Yesterday I discussed new robots aimed at reducing supermarket costs by stocking shelves and replacing grandma’s shopping cart with automatons that follow one home with the groceries.
And I asked, once again, about the impact of artificial intelligence on the economy. Granted, we can’t stop progress—nor should we. No one wants to return to the days when harvesting a field required an army of men with scythes or doing the laundry was an all-day, backbreaking job. The question I always ask is whether a new robot/kiosk/AI improves our lives by making human beings more productive and efficient or replaces people altogether.
I think that distinction is critical because it means the difference between growing an economy and removing an entire layer of real people from participating in it.
Humans Made Redundant
Anyone who watched the Season 2 premiere of Humans on Monday night saw Joe Hawkins, a regional sales manager with 14 years of experience with his company being replaced by a “synth,” a humanoid robot. He’s told that he’s being made redundant. When Hawkins protests that he has relationships with his clients, including knowing their anniversaries and the birthdays of their children, the replacement synth recites the relevant dates, which have been stored in its database. Does that mean it will have a relationship with human clients? Not likely. Not, at least, until they are also replaced by synths and human birthdays become irrelevant.
Hawkins tells his family that everything will be all right, that he will get another job, but we can see that he doesn’t believe it. The synths are not making his life more productive—they are relegating him to permanent unemployment, a lesser status that doesn’t include participation in the economy.
It’s the Middle Class, Stupid
What happens when a whole class of people have been made redundant and kicked out of productive employment? Cade Metz addressed that problem in his Wired article, “The AI Threat Isn’t Skynet; It’s the End of the Middle Class.” He says,
“Machines aren’t just taking the place of humans on the assembly line. They’re doing a better job. And all this before the coming wave of AI upends so many other sectors of the economy.”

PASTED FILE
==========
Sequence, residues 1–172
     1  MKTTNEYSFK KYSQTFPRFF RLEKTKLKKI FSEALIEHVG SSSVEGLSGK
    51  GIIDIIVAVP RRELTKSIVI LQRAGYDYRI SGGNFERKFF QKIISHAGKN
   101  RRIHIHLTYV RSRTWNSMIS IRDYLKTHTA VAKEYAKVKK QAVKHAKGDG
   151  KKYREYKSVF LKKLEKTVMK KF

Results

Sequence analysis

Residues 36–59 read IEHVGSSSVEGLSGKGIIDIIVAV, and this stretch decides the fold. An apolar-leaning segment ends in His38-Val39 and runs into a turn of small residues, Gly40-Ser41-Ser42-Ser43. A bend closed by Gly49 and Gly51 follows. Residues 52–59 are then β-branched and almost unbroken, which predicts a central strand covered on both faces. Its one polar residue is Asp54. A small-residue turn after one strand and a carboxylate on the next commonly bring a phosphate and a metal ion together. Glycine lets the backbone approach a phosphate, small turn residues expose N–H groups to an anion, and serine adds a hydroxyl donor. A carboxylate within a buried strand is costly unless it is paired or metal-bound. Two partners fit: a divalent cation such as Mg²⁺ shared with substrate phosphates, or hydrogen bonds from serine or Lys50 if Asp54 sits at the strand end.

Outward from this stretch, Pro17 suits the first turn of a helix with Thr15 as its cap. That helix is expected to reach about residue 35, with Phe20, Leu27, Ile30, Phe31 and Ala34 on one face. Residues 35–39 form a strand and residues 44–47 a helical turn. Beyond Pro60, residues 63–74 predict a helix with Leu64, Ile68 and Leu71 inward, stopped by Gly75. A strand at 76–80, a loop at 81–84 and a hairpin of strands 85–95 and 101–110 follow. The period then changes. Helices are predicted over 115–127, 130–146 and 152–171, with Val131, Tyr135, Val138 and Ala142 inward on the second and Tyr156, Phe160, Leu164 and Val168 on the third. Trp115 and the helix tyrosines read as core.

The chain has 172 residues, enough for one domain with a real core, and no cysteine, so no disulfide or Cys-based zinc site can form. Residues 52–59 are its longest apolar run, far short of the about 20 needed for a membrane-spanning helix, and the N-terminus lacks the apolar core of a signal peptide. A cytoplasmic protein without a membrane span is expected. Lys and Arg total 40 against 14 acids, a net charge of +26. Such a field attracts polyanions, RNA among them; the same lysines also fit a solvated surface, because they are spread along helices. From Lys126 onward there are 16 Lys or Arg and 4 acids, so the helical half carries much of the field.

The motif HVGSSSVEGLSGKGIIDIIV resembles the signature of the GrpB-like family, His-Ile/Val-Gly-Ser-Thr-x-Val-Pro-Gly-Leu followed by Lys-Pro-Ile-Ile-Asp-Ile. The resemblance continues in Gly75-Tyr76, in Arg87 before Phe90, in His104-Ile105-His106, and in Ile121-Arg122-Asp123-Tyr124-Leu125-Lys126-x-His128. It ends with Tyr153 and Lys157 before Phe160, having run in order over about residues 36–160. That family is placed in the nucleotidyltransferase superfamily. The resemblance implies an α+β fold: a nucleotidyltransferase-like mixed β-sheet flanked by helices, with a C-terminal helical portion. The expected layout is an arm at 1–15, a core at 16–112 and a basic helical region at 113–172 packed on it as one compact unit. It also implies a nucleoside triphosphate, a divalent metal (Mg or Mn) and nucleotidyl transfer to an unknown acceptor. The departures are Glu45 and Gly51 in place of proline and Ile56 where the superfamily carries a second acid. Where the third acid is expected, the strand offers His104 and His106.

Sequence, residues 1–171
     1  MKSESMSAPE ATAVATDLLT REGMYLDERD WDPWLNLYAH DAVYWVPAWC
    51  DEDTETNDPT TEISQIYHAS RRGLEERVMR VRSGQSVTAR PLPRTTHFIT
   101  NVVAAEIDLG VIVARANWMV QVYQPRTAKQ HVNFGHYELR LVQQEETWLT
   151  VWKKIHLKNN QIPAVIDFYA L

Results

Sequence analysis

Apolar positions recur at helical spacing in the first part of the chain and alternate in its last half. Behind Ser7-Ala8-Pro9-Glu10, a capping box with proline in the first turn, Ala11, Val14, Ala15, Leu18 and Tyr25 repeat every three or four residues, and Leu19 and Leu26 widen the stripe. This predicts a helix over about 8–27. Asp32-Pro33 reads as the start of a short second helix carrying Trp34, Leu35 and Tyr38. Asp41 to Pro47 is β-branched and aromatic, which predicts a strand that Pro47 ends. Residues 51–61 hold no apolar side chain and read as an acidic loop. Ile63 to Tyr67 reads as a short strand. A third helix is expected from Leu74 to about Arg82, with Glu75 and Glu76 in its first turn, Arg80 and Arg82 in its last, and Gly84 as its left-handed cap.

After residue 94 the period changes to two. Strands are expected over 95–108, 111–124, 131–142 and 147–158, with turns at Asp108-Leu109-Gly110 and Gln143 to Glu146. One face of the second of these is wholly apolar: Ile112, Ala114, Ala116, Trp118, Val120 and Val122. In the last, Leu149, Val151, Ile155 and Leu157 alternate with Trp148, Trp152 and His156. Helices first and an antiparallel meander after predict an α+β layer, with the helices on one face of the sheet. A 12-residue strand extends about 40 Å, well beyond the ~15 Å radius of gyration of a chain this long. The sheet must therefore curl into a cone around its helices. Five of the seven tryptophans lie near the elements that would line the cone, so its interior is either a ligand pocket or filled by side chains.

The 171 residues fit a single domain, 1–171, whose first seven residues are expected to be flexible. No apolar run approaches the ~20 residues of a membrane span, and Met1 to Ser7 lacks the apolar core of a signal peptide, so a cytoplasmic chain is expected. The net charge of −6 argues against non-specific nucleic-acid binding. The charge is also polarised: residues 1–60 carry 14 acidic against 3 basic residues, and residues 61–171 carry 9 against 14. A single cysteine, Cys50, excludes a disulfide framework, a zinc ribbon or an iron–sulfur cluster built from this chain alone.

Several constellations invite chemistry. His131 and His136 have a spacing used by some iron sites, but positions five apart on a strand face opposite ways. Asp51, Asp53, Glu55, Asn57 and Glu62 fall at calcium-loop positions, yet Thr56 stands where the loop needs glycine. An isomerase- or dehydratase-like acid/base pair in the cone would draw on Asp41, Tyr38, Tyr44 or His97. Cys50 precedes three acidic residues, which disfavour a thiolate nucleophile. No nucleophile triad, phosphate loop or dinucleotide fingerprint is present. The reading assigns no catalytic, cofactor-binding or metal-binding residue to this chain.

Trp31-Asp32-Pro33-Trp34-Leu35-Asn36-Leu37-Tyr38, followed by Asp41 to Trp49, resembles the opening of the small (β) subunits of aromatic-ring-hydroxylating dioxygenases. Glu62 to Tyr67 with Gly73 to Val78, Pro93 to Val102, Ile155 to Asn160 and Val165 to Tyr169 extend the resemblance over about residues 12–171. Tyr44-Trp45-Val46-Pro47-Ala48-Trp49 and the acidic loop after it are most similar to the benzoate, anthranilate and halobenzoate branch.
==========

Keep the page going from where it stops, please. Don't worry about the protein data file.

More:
Mr. Metz relates how MIT Economist Andrew McAfee spoke to a gathering of scientists at a coastal retreat called Asilomar on the current wave of AI innovations. “If current trends continue,’ Mr. McAfee said, “people are going to rise up well before the machines do.” After his talk, however, other researchers warned him that, “the coming revolution in AI would eliminate far more jobs far more quickly than he expected.
Danger, Will Robinson!
So I guess that fellow Blogger David Hunt and I aren’t the only ones who see danger ahead from artificial intelligence and robots replacing human jobs. The AI researchers, themselves, worry about the implications and potential repercussions. “Anyone making confident predictions about anything having to do with the future of artificial intelligence is either kidding you or kidding themselves,” McAfee says.
On the one hand, I’m not as gloomy as Prof. Stephen Hawking, who told the BBC that, “The development of full artificial intelligence could spell the end of the human race.” Mr. Hawking is significantly more intelligent than I but I think we can stop ourselves before we get to that point.
On the other hand, I feel like we are rushing headlong down a road without knowing where it will take us. Kind of like cattle in the chute, running because every other steer is running and you have to keep up or be trampled. You run, trusting that everything will be all right in the end because, well, it always has before. As any good steak could tell you, that’s a dangerous assumption.
Artificial Inteligence., Optimism and Pessimism
Where do we go from here? I’m not sure and neither are the AI experts.
Will the optimists prevail with their belief that AI and robots will create more jobs than they destroy? Will the pessimists see Skynet deployed in their lifetime? Will the middle class, rendered obsolete and redundant, rise up en masse and destroy the machines that have taken over their lives? Will the market decide, relegating unneeded robots to the scrap heap of history?
No one knows. But I think we would be wise to have a healthy skepticism about innovations that take over human jobs instead of applauding every new machine uncritically.